Security and safety
- The system must be capable of protecting the herd against mischievous humans trying to harm or steal members of the herd.
- Furthermore, the system must be able to protect itself in the sense, that it cannot be controlled by unauthorized personnel, any attempt on breaching, manipulating or hacking the system must trigger an alarm.
- The system must be capable of dealing with partial failures and it should be capable of fixing minor issues with itself. The components should be able to assist one another in case of necessity.
Extensibility and interactivity
- The system must be capable of learning, human intervention has to remain minimal should it be at all necessary.
- The system must be remotely controllable, a remote human operator should have at all times at least a general idea about the herds and systems health. Limiting the amount of data sent is okay in circumstances where energy must be saved. Furthermore, the system must also be autonomously operational, even without connection to some remote servers.
- The system is dynamically extensible and is also capable of detecting whether an increase in its components might be necessary for effectively performing its job.
- The system should be capable of meaningfully interacting with similar systems herding a different set of livestock. If stray animals attach to a different herd, the responsible herding system should be capable of informing other systems of this fact. Furthermore, should multiple herding systems operate in the same area they should not get each other in their way.
Challenges of autonomous herding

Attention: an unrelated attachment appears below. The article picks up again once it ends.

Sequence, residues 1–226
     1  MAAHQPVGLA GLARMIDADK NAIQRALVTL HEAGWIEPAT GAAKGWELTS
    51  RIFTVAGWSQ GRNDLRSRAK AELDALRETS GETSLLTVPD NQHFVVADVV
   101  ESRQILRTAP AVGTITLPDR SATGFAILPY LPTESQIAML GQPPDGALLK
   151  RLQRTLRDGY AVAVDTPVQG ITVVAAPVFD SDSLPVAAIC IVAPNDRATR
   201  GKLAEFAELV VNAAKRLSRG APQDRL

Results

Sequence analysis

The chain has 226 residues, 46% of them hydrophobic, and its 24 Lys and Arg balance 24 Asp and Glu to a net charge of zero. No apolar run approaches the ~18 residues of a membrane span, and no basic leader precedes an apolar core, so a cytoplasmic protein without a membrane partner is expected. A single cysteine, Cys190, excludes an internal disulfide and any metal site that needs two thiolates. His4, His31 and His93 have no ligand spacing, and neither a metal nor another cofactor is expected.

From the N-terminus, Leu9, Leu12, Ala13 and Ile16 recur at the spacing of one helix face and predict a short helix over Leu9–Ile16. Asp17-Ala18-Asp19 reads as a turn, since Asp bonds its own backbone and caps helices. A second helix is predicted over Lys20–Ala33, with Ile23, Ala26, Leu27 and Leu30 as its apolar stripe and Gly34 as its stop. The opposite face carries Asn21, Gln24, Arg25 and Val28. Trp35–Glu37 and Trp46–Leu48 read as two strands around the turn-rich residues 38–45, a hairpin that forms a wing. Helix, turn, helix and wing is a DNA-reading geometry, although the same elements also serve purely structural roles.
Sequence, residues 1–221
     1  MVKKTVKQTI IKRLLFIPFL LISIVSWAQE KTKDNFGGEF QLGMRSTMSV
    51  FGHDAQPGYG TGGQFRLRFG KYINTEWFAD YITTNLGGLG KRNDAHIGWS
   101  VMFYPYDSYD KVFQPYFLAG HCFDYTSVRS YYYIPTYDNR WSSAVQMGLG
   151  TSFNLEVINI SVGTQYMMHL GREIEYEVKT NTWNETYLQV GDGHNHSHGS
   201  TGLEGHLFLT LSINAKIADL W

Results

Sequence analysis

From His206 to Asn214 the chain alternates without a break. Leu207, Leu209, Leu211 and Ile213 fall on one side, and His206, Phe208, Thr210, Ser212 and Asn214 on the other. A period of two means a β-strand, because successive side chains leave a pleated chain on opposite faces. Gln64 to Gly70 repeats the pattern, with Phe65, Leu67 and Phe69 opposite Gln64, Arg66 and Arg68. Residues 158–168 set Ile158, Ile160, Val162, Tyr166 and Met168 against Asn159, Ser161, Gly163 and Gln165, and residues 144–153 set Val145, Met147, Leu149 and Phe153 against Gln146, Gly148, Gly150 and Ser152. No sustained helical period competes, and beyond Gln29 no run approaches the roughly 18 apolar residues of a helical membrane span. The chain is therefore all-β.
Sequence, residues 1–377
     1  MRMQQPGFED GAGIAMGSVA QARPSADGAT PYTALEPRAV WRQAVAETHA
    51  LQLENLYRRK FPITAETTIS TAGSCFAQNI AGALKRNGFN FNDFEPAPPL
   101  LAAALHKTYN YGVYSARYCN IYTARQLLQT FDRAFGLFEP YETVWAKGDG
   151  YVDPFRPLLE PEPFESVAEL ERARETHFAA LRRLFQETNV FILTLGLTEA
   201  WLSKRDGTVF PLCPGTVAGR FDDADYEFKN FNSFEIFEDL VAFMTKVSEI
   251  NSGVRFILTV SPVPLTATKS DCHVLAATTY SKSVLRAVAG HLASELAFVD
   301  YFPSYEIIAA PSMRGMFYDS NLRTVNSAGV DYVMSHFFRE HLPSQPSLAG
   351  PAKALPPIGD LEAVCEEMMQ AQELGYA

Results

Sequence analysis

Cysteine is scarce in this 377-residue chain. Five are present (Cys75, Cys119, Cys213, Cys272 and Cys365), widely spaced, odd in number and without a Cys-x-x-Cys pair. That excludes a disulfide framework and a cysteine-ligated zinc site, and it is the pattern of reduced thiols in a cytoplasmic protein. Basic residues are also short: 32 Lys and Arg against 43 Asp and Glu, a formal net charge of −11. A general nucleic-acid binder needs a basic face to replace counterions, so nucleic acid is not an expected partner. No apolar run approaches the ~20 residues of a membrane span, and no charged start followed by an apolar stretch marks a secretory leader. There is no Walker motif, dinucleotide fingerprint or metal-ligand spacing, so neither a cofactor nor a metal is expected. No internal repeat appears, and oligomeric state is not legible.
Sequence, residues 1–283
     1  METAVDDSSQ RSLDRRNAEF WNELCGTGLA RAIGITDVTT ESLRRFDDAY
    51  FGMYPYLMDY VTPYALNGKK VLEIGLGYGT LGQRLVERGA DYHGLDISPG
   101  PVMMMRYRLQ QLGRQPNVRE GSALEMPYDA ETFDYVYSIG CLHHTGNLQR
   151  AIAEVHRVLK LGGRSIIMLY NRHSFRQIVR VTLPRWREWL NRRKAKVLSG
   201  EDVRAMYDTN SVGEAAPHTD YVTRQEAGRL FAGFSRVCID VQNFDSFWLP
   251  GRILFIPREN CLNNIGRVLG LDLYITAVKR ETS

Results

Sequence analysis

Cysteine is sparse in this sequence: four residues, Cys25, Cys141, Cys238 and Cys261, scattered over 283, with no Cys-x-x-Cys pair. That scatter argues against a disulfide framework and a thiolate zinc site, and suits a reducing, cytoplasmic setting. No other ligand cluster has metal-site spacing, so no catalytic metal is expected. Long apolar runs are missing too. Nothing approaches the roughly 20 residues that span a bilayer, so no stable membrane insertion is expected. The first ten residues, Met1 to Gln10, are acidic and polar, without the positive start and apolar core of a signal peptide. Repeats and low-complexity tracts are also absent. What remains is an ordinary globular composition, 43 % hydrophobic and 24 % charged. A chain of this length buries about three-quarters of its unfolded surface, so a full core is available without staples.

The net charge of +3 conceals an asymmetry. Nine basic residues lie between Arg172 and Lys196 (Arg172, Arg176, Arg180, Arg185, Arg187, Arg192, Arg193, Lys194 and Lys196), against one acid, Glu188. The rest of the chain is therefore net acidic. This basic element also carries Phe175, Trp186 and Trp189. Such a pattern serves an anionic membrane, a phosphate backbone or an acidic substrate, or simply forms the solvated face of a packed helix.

Such a system poses several enormous challenges which we are still far from having tackled yet:
- Developing effective herding algorithms for various species of animals, which can compete with sheepdogs.
- Although drones can act in formations and prototypes of complex systems encompassing multiple actors exist, to my knowledge they still lack the necessary flexibility for a fully autonomous herding system by far.
- Weather conditions pose a great challenge, dealing with heavy rain, heavy winds, unexpected snowfall or lightning are just the extreme cases.
- Dealing with all kinds of terrains is also a big obstacle in the realization of such a project. While the system most probably won’t have to deal with movement through forests (at least not in its first version), movement in very steep areas, traversing of creeks and covering relatively long distances at high speed will be necessary.
Special challenge: Power consumption
And there is the aspect of power consumption. Power consumption will be high. Regular drones normally fly for far less than 30 minutes, also dependent on the number of sensors activated, the flying style and the weather conditions. Surely, batteries will most probably greatly improve with the passage of time. And of course, you can greatly improve the flight time through intelligent algorithms. I still believe that there will be necessary to also have large battery packs in the form of specialized robots following the herd who will recharge the drones when necessary. Even creating an infrastructure for providing energy and various services is imaginable. This infrastructure has to be, of course, entirely autonomous.
Conclusions – or what’s Heidi’s job in the future?
After doing a superficial review of filed patents and of scientific literature concerning autonomous herding, this article describes on a very high level the most important requirements for such a system. Although describing this system on a vision-level does not take more than a few sentences, materializing it will take at best several more decades.